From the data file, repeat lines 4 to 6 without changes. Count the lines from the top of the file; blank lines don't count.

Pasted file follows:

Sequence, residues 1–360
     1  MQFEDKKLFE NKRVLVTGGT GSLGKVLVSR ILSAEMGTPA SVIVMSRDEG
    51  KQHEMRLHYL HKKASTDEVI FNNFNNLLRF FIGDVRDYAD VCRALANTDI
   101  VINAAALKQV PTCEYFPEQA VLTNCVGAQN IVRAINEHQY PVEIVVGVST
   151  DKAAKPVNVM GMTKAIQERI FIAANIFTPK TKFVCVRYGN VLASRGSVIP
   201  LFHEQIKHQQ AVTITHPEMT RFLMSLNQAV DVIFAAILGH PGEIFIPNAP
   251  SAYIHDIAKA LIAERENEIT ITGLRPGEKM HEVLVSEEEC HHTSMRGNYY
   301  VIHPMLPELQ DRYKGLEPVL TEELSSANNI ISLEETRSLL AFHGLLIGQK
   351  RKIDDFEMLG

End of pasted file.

   101  VINAAALKQV PTCEYFPEQA VLTNCVGAQN IVRAINEHQY PVEIVVGVST
   151  DKAAKPVNVM GMTKAIQERI FIAANIFTPK TKFVCVRYGN VLASRGSVIP
   201  LFHEQIKHQQ AVTITHPEMT RFLMSLNQAV DVIFAAILGH PGEIFIPNAP